Overview of the LION KING media universe | Film Reviews | Salt Lake City Weekly

Overview of the LION KING media universe 

Sequels, prequels, midquels and remakes of Disney's animated classic

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  • Walt Disney Pictures

At the peak of the 1990s "Disney Renaissance," the animation braintrust turned to not another fairy-tale libretto, but an adaptation of Shakespeare's Hamlet set on the savannah. And The Lion King didn't just become a hit; it became the most successful hand-drawn animated feature of all time, and one of only four movies from the 20th century still on the list of the 100 highest-grossing movies of all time.

Not surprisingly—and perhaps presciently, given Disney's modern-day obsession with intellectual property—The Lion King was spun off into several more features and animated series. Now, with the original film back in theaters July 12 for its 30th anniversary, and a prequel to the 2019 CGI remake coming later this year, here's a look at the whole Simba-verse.

The Lion King (1994): The one that started it all was a satisfying mix of grand melodrama and lowbrow humor—in other words, absolutely true to its Shakespearean roots. It's hard to say why specifically this became grand champion in an era that also boasted The Little Mermaid, Beauty and the Beast and Aladdin, but the songs by Elton John and Tim Rice were certainly earwormy enough, and the comic relief from Timon (Nathan Lane) and Pumbaa (Ernie Sabella) kept the kids coming back for more. It's probably also worth giving Jeremy Irons' Scar a (gulp) lion's share of the credit as one of the great Disney villains.

The Lion King's Timon & Pumbaa (1995-1998): Thrown together on the cheap for syndication, this series lasted three seasons and 85 episodes focusing on the Looney Tunes-style misadventures of the meerkat and warthog buddy pair. While original Pumbaa Ernie Sabella voiced his character throughout the run of the show, three different voice actors—including Nathan Lane—contributed Timon's voice, which is just one indication of how sketchily this whole enterprise was constructed.

The Lion King II: Simba's Pride (1998): Ah, the halcyon days of direct-to-video sequels! This first feature follow-up opens with a nice twist on the finale of the original film that found Simba (Matthew Broderick) and Nala (Moira Kelly) presenting their own child on Pride Rock: It's a girl! Their daughter Kiara (Neve Campbell) ends up connecting with a cub from Scar's exiled band of Outsiders, and shazam, Hamlet becomes Romeo & Juliet. Where so many of the Disney quickie sequels felt half-baked, this one managed to replicate the formula of its predecessor in all the right ways, even if the visuals were clearly farmed out to the "B" team of the TV animation division.

The Lion King 1-1/2 (2004): If The Lion King was Hamlet, it was only fitting that it would get its version of Rosencrantz & Guildenstern Are Dead. Timon & Pumbaa are once again at the center of this story, a meta-narrative "midquel" focusing on the origins of the characters and the events taking place between their discovery of Simba and the lion prince's return to Pride Rock. As these things go, it's not half bad, boasting a couple of catchy tunes (particularly "Digga Tunna") and directed with energy and an anarchic comedy sensibility evidenced by a finale of Disney character silhouettes watching the movie with Timon and Pumbaa in a theater.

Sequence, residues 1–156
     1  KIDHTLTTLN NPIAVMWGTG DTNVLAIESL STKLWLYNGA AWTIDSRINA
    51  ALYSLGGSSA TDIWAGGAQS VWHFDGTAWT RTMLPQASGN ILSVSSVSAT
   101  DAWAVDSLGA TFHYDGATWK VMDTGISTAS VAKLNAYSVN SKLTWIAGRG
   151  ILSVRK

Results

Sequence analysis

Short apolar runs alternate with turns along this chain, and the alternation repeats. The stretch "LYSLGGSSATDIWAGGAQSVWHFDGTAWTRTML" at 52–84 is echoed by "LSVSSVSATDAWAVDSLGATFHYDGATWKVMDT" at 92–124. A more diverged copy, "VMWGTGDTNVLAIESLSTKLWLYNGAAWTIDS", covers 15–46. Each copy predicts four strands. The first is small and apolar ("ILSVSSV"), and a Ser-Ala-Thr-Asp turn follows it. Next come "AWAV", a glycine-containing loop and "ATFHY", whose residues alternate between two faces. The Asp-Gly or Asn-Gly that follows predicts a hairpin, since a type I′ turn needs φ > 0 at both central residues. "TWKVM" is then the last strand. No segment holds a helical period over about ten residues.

The Lion Guard (2015-2019): Another century, another TV incarnation. This one turned Simba and Nala's younger cub, Kion, into the leader of an oddball band of animals tasked with protecting the pridelands from threats. It may not have been particularly good, but at least it got weird and ambitious enough to bring back Scar as a fiery, vengeful spirit (voiced by David Oyelowo). Plus, Rob Lowe taking over as the voice of Simba. What a world!

The Lion King (2017): Director Jon Favreau's CGI remake was a massive box-office success even beyond the level of the original, so I guess someone out there was interested in what it had to offer. It hits all the same story notes, only with photorealistic animals, which feels misguided on every possible level; there's a huge difference between an animator's creation of Timon as an idiosyncratic character, and a meerkat that looks, you know, just like a meerkat. The faces lack all ability to show emotion, because heaven forbid that an animal character ever demonstrates a facial expression that doesn't look like an actual animal. Some of the voices are perfectly serviceable, but somewhere along the line, the creative team didn't stop to consider whether making these animals look more real was worth making them look less alive.

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Scott Renshaw

Scott Renshaw

Scott Renshaw has been a City Weekly staff member since 1999, including assuming the role of primary film critic in 2001 and Arts & Entertainment Editor in 2003. Scott has covered the Sundance Film Festival for 25 years, and provided coverage of local arts including theater, pop-culture conventions, comedy, literature,... more

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